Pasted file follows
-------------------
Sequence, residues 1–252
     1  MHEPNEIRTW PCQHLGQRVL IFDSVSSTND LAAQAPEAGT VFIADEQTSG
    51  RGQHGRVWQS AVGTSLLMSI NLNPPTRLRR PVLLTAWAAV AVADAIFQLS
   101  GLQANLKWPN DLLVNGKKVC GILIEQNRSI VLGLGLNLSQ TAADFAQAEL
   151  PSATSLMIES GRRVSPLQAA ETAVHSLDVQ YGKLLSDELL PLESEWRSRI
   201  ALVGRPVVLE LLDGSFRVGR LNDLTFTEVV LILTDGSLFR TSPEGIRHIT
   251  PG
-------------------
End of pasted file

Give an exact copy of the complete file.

Sequence, residues 1–252
     1  MHEPNEIRTW PCQHLGQRVL IFDSVSSTND LAAQAPEAGT VFIADEQTSG
    51  RGQHGRVWQS AVGTSLLMSI NLNPPTRLRR PVLLTAWAAV AVADAIFQLS
   101  GLQANLKWPN DLLVNGKKVC GILIEQNRSI VLGLGLNLSQ TAADFAQAEL
   151  PSATSLMIES GRRVSPLQAA ETAVHSLDVQ YGKLLSDELL PLESEWRSRI
   201  ALVGRPVVLE LLDGSFRVGR LNDLTFTEVV LILTDGSLFR TSPEGIRHIT
   251  PG